Experiencing urinary or fecal incontinence can be very stressful and take a toll on your quality of life. Many women will experience these symptoms after childbirth, particularly if they had a large baby or a vaginal delivery requiring forceps or a vacuum. When women enter menopause, these symptoms may worsen. Lawson says: "Depending on the nature of the incontinence, there may be medical or surgical management options available. By talking with your gynecologist, she or he can determine the proper treatment protocols and refer you to a pelvic floor disorder specialist if necessary."
While having a low libido is more common than many women realize, it's important to speak with your gynecologist to discover the cause of your concern. Libido can sometimes be affected by medications you take, or it may be a sign of an underlying medical condition or a side effect of a known condition. In these situations, your gynecologist can determine what medical interventions may be necessary.
For other women, though, their low libido may be related to the nature of female sexuality — sometimes, your desire to have sex or be intimate can be affected by things outside of your control, like stress or work. Women in long-term relationships are also less likely to be spontaneously aroused compared to the early stages of their relationship.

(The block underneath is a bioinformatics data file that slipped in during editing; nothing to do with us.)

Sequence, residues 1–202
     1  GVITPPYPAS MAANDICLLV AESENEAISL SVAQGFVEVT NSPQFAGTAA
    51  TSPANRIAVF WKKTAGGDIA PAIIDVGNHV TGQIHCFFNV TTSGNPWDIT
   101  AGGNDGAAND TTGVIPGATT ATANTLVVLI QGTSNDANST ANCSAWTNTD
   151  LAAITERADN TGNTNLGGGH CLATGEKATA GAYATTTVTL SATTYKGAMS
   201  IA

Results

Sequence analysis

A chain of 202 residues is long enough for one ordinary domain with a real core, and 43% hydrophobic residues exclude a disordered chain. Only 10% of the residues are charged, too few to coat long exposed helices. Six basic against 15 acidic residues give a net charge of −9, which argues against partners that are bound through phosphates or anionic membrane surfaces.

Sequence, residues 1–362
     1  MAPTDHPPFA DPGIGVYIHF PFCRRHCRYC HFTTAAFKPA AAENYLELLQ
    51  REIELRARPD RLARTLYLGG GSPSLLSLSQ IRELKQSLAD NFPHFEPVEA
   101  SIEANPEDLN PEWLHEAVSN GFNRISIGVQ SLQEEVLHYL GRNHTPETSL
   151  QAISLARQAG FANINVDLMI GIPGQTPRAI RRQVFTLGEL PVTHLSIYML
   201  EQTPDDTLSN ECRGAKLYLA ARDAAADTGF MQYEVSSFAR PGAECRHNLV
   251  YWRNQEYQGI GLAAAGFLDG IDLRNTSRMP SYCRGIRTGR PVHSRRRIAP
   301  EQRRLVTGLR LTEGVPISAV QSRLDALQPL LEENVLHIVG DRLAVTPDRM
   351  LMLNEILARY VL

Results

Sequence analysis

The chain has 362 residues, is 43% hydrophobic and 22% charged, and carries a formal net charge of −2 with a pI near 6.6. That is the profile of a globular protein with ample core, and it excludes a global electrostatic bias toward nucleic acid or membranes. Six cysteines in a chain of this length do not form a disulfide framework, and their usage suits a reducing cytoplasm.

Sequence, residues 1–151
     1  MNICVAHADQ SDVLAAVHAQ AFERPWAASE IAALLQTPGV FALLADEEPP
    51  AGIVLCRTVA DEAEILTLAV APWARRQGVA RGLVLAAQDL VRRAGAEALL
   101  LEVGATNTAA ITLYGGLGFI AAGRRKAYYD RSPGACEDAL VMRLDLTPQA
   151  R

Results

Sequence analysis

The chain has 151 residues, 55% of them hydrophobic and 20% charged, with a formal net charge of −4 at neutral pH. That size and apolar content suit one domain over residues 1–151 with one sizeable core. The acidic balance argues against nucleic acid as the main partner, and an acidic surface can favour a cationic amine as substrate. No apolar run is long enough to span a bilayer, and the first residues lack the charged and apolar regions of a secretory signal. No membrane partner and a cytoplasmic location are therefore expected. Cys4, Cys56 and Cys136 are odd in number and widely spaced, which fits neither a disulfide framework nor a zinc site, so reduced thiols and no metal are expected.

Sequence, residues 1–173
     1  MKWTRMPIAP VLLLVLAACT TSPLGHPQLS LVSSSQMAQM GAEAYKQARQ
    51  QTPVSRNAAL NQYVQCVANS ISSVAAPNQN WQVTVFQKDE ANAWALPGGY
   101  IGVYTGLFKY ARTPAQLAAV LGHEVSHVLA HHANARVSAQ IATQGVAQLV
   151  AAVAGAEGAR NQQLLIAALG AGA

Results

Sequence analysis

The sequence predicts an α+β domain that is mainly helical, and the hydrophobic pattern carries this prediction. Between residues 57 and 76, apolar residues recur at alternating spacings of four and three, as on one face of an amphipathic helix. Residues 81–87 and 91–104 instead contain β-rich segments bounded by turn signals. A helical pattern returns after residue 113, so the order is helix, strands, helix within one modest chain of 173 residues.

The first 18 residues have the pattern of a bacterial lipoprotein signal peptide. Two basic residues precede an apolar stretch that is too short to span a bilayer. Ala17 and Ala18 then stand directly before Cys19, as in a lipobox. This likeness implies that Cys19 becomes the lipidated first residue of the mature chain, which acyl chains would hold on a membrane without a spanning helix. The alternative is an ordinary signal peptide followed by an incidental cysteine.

In these circumstances, your gynecologist can make recommendations to help you naturally increase your libido and/or refer you to an appropriate counselor. Lawson explains: "I tell my patients that the more frequently you attempt to have sex, the more frequently you will want to have sex because of the endorphins released during intercourse. This will make you feel more intimate toward your partner."
Don’t Laugh Too Hard
A small laugh, cough or movement can result in stress urinary incontinence, the most common type of urinary incontinence among women. Urologist Marisa Clifton, M.D., explains why this occurs, how it is diagnosed and treatment options during a panel discussion at A Woman’s Journey — Baltimore, a daylong women’s health event in November.